Police allege the dispute stems from $150 worth of the drug ice owed by the alleged 26-year-old victim to a Windale drug dealer.

On June 16, the 26-year-old was allegedly contacted via Facebook by Mr Sharp,who said he had a buyer who was looking to purchase three-and-a-half grams of the drug ice for $1200.

The two men planned to sell the drugs and split the profits.

But when the 26-year-old arrived at Mr Sharp’s home, Mr Dargan allegedly leapt out from behind a sheet and charged at the alleged victim with a machete.

According to police facts, Mr Dargan said: “Where’s the f—ing drugs c—?” and “Do you think I’m f—ing around?”

He is then alleged to have swung the machete at the 26-year-old’s head, who pulled out of the way and put his hand up to protect himself.

Court documents state the 70 centimetreblade struck the victim’s left hand and chopped his little finger“clean off”.

The 26-year-old was also allegedly struck with the machete to the left leg and right hand.

The cut to his hand severedan artery, causing blood to spurt from the wound, court documents state.

The blow also severed tendons in his right forearm and hand and the 26-year-old has no feeling or use in his right hand, court documents state.

The 26-year-old was bleeding so much that he wasallowed to leave and call an ambulance.His finger was unable to be reattached.

Magistrate Stone refused Mr Sharp bail, citing the seriousness of the allegations and the need to protect the community.The matter was adjourned to August.

Susan Sarandon stuns in new Marc Jacobs campaign

Susan Sarandon has been photographed in a stunning portrait for Marc Jacob’s Fall 2016 collection.
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The 69-year-old actress, who is known for her roles in Thelma & Louise and Dead Man Walking, was captured by photographer David Sims in a picture published to the brand’s and the designer’s personal Instagram accounts on Tuesday.

Jacobs wrote alongside the image that he “fell in love” with Sarandon’s portrayal of Janet in the 1975 cult classic film, The Rocky Horror Picture Show.

“[The film] became an invitation (or excuse) to dress up and express oneself fearlessly,” he wrote, adding that the film “made it cool for boys to wear sequins, satin and fishnets”.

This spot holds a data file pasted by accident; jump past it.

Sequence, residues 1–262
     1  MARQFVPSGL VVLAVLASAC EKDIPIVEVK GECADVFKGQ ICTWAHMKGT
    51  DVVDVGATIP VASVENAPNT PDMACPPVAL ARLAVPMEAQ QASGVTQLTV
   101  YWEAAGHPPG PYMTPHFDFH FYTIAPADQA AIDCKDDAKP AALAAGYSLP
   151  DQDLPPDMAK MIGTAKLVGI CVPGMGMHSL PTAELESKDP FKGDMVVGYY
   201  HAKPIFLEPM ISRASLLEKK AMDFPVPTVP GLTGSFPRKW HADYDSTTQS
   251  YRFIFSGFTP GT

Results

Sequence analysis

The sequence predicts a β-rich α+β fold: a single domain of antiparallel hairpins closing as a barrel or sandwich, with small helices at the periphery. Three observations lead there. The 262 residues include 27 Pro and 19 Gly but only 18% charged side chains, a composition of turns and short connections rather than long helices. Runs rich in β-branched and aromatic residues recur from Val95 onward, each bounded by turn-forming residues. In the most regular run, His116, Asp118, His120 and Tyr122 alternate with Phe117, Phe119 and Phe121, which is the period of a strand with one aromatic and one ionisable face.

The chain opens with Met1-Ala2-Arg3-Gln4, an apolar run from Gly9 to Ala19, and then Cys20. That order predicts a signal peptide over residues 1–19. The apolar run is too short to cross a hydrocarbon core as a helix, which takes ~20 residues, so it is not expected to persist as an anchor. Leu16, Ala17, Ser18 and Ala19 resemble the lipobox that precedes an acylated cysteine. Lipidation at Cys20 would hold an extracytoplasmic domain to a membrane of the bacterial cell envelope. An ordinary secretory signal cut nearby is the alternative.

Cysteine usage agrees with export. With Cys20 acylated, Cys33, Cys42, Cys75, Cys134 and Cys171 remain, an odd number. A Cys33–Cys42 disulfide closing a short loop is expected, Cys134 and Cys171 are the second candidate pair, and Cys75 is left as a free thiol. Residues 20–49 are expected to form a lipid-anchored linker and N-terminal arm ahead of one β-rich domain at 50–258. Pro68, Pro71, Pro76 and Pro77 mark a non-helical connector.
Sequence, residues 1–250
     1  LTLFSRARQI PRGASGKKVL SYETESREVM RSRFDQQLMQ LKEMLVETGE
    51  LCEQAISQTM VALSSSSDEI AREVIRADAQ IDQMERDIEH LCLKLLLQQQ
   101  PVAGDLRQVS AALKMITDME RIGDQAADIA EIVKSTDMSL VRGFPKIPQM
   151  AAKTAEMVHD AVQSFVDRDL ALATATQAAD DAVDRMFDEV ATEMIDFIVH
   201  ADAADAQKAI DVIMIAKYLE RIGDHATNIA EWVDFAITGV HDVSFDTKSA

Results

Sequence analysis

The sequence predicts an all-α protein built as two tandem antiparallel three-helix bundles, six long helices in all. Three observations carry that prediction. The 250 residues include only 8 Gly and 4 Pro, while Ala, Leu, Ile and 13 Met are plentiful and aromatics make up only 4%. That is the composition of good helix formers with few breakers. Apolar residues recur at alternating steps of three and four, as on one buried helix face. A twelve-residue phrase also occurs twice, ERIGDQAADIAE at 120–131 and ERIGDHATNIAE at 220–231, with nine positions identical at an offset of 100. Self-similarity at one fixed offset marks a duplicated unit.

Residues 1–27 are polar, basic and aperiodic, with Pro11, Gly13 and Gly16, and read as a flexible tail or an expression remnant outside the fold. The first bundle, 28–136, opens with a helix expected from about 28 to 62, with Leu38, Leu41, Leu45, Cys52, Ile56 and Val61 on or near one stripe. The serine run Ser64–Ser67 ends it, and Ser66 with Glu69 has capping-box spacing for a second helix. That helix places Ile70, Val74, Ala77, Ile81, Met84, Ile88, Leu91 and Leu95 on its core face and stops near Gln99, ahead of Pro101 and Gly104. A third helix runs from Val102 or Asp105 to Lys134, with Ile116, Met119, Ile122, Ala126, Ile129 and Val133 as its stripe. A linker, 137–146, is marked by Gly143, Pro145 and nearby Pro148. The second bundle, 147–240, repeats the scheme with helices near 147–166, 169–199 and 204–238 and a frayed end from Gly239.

“​It was in my early days at [US menswear brand] Perry Ellis when I first had the privilege of meeting Susan. Her intelligence, courage, strength, conviction and ballsiness has always been so admirable to me. There’s an inherent seductive quality in Susan as a woman who always speaks her mind and an artist who takes risks.”  SUSAN, Seduction Like so many teenagers, I spent countless Friday and Saturday nights at midnight screenings of The Rocky Horror Picture Show at the 8th Street Playhouse (which is still standing!) and the Festival Theatre on 57th Street (which has long since closed). TRHPS was a coming of age and right of passage. It became an invitation (or excuse) to dress up and express oneself fearlessly. The cult classic made it cool for boys to wear sequins, satin and fishnets. I fell in love with Susan Sarandon’s onscreen portrayal of Janet during her “loss of innocence” scene by way of a crossdressing alien and her giddy, ecstatic rendition of, “touch-a, touch-a, touch me…” There was a subtle rebellious quality that I found in Susan with how she chose to play Janet and perhaps (as I now look back on it) her decision as a young actor to take a role in a film that challenged the notion of gender roles. In the hyper-stylized, gothic film, The Hunger, Susan’s portrayal as the lesbian love interest of vampire Catherine Deneuve was yet another progressive challenging of normal and a testament to Susan’s artistic exploration of boundaries. It was in my early days at Perry Ellis when I first had the privilege of meeting Susan. Her intelligence, courage, strength, conviction and ballsiness has always been so admirable to me. There’s an inherent seductive quality in Susan as a woman who always speaks her mind and an artist who takes risks. Her talent as an actress is one of extraordinary range, talent and power. The stunning Susan Sarandon by David Sims for our Fall ’16 ad campaign.A photo posted by Marc Jacobs (@themarcjacobs) on Jun 28, 2016 at 7:14am PDT

Sarandon tweeted that she “had so much fun” at the shoot.So proud to be in the company of @marcjacobs. Had so much fun! https://t.co/xUeJ6c5Xsy— Susan Sarandon (@SusanSarandon) June 28, 2016

The actress joins Kendall Jenner, Cara Delevingne and Missy Elliott, who have also posed for the fashion house’s Fall 2016 campaign.

The Marc Jacobs gig comes after Sarandon was announced as the face of L’Oreal Paris in January.

The picture even won the approval of British journalist and television personality Piers Morgan, who famously criticised Sarandon for wearing a similar neckline to the SAG Awards in February, where she was due to present the awards’ In Memoriam segment.She (@SusanSarandon) looks fabulous. Just hope she doesn’t wear that to speak at a funeral/memorial. https://t.co/RttKmFILHL— Piers Morgan (@piersmorgan) June 28, 2016

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This story Administrator ready to work first appeared on Nanjing Night Net.